So yes, by not using anything that updates itself automatically and has real-time on-access scanning, you are potentially putting yourself at risk. Everybody says "I'm not going to be the one to get hit by something like that, I'll spot it first" or whatever; sadly, that doesn't make it so. Here is a big, bold link to Avira's main website for their free product; please do yourself a favour and click on it.

I tried Avira once. Never found anything, and whenever it tried to do a full scan, it would get hung up on the registry and eventually freeze. Wasn't confidence-inspiring, needless to say. Though I guess I'd rather have it than something like AVG (which was bloated, intrusive, and also never found anything). I'll try it again, I guess. Maybe it's improved.

Understand, I'm not trying to be argumentative; you're clearly knowledgeable about this. And having had a memorable bug which clawed out the eyes of my boot sector and ultimately destroyed most of my data, it's an issue that I take seriously. But I'm also fighting experience. I've tried a lot of these services, and the result is universally the same: they're ugly, they're bulky, they slow things down to a crawl, and they spam me with subscription ads telling me how unsafe I am (despite using the product they'd advertised in the first place), all in exchange for absolutely nothing. They never actually find anything. Not once, in the ten years since I became the responsible party for a household of five PCs, have they proven their worth. So it's hard not to think that I may as well live without them.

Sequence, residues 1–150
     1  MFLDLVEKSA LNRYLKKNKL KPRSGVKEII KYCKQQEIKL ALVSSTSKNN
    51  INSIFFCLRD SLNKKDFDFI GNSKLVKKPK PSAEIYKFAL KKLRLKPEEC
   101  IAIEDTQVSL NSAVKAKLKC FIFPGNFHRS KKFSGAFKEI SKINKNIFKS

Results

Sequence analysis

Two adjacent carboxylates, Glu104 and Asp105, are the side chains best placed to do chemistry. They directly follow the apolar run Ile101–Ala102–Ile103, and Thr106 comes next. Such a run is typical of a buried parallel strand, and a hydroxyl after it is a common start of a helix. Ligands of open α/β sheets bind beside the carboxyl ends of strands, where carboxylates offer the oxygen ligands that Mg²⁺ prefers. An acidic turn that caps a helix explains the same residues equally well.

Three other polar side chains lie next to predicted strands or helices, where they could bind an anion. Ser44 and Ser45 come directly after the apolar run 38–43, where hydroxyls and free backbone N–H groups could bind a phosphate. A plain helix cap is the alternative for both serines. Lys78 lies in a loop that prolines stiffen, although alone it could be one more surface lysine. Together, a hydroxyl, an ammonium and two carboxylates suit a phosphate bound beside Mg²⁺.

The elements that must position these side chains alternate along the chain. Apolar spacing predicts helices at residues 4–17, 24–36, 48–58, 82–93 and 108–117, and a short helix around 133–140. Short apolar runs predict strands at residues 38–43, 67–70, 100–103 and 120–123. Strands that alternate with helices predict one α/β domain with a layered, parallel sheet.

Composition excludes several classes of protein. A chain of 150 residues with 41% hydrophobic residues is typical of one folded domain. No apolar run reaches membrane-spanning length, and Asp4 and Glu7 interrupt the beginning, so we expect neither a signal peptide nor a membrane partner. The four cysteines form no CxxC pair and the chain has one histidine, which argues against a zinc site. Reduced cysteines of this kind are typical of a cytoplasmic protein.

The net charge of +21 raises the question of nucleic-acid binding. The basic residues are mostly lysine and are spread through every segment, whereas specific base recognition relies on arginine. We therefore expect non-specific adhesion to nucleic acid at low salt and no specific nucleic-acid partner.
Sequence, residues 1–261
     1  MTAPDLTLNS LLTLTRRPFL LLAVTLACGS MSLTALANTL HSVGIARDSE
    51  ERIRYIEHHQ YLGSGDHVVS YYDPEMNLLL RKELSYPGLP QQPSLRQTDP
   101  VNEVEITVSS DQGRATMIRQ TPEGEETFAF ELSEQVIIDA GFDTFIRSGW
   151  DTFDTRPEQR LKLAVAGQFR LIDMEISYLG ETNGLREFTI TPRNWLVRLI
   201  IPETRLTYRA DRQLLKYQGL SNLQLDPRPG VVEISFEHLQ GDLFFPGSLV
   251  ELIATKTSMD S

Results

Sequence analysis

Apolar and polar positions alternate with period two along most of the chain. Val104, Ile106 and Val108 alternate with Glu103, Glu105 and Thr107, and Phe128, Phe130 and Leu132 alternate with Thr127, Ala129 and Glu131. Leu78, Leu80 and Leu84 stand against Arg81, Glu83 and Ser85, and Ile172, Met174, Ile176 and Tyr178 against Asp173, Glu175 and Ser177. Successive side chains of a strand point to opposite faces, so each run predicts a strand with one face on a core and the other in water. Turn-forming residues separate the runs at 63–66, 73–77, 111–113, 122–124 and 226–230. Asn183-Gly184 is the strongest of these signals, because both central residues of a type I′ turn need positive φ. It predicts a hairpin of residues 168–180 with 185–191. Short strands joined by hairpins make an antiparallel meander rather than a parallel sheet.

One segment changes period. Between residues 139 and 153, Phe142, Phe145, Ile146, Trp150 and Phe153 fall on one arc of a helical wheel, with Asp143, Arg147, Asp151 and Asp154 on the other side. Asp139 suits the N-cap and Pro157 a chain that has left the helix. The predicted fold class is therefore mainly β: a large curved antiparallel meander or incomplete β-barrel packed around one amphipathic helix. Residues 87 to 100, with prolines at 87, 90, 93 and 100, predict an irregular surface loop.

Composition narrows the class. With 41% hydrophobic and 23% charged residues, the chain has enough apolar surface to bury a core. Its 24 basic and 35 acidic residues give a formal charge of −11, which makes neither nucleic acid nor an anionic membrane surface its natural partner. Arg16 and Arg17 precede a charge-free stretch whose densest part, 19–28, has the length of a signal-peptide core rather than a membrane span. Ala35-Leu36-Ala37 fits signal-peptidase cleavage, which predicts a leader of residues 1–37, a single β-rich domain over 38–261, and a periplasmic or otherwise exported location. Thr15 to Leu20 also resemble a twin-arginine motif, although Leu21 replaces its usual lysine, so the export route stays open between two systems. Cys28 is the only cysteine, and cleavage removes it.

Once more unto the breach...
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#32 User is offline   ZangieF 

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Posted 14 June 2010 - 12:15 PM

Quote

a memorable bug which clawed the eyes out of my boot sector

I think this is the first time that a severe technical problem has been captured perfectly in metaphor like that. *clap* I haven't run into any problems with recent versions of Avira, and it recently even got a bit of a redesign, and some new features (even for the free version).

Yeah, forcing you to install ZoneAlarm and Norton (or whatever Symantec product they used) is not that great an idea. ZoneAlarm tends to slow things down drastically on some computers, doesn't play well with antivirus, and is generally a hassle to deal with, oftentimes. If you absolutely must have a firewall besides the Windows one, you can use an antivirus that includes one (Kaspersky Internet Security has one) or you could try Comodo's firewall, which I've heard good things about. Never tried it myself though.
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#33 User is offline   Mystress 

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Posted 14 June 2010 - 07:36 PM

View PostZangieF, on Jun 14 2010, 01:47 AM, said:

MBAM isn't "vi-spy" (which, by the way, is not an actual term, or at least not one I've ever seen) software at all. It's not really meant to combat viruses, worms, and the like, though it will find some of the more common ones, IIRC.